Liverpool’s phenomenal European success has been well documented over the years, with the Reds lifting the coveted prize all the back in 1977, ’78, ’81 and ’84, before once again raising the trophy aloft for a historic fifth time on that magical evening in Istanbul in 2005.
And while the red half of Merseyside can boast of their tremendous achievements, particularly to their blue counterparts, the many years since that Wednesday night in Turkey have been hugely underwhelming to say the least.
The Anfield trophy cabinet shimmers brightly with silverware, especially in comparison to a great deal of the clubs they have competed with this campaign, both in domestic competition and abroad. Yet with the dominance of Manchester City in the Premier League, coupled with shortcomings against West Brom and Leicester City in the FA Cup and League Cup respectively, the Champions League stands isolated as the sole competition Jurgen Klopp and his side can fight for this season.
Several years without Champions League football has certainly taken its toll on the Anfield faithful, who now stand on the verge of desperation after being deprived of any sort of success under the much-loved Klopp, not least the top prize in club football.
The enthusiastic German has come agonisingly close to the taste of glory on the European stage, having fallen at the final hurdle with his former side Borussia Dortmund at the hands of bitter Bundesliga rivals Bayern Munich at Wembley not so long ago, before once again falling short with current club Liverpool in a disappointing Europa League final loss against Spanish outfit Sevilla.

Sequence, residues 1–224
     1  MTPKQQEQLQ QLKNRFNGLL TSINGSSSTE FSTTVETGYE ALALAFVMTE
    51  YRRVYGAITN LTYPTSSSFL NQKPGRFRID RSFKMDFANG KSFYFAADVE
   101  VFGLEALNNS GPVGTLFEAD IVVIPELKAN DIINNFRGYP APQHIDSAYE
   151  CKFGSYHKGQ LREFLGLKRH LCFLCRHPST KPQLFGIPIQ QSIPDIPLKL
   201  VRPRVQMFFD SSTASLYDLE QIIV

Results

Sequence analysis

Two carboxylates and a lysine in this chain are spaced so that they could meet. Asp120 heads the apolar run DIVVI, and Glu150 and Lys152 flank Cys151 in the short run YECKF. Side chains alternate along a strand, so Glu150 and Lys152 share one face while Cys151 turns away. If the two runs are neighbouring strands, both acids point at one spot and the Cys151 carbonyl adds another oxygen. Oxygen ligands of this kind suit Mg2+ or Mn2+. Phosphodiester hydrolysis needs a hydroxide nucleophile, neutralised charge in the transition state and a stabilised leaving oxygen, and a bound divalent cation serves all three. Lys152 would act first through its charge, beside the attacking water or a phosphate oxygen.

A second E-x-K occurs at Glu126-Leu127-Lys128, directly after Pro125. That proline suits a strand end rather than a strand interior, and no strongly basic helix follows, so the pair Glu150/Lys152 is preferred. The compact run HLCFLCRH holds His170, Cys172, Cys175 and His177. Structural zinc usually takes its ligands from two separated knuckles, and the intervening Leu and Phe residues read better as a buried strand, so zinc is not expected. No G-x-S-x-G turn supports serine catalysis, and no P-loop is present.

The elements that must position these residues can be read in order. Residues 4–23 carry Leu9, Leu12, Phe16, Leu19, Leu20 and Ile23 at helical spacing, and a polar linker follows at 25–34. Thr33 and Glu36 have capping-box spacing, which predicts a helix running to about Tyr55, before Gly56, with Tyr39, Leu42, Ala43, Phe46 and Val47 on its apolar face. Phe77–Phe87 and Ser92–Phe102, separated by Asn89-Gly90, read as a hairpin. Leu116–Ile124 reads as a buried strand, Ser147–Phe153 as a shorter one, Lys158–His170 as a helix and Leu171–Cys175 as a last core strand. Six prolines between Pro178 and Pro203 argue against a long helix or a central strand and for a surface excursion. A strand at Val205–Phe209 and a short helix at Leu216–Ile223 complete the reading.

So much heartache over recent years can only have revitalised Klopp, who is now in search of a trophy that has eluded both himself and indeed Liverpool since their triumph over a formidable AC Milan side an incredible 13 years ago.
13 years. An unbearably long period of time in football, particularly for a club worthy of their glorified status in the global game, yet perhaps an even longer period of time for a truly remarkable and boisterous fanbase.
The loyal Liverpool followers have been more patient than most, and many are rightly enjoying a real sense of optimism ahead of the upcoming tie with Roma. The Italian side, having knocked out the sensational talents of Lionel Messi and co. at Barcelona in some style, will certainly be no pushovers, yet for the Reds to avoid European super giants Bayern Munich and Real Madrid in the latter stages of this illustrious competition feels like a miracle to all associated with the club.
Perhaps it is simply meant to be, for both Klopp and his determined young squad, to go all the way and cause what would certainly be an upset considering the teams also in contention for the trophy.
Brushing English champions Manchester City aside in the previous round will ensure that any team travelling to Anfield will feel the heat under the lights, and if the Reds then make it to Kiev, it will come down to either personal revenge for Klopp against Bayern, or a chance for Mohamed Salah and his enthusiastic teammates to go down in history and put an end to Real Madrid’s dominance of the glittering world of European football.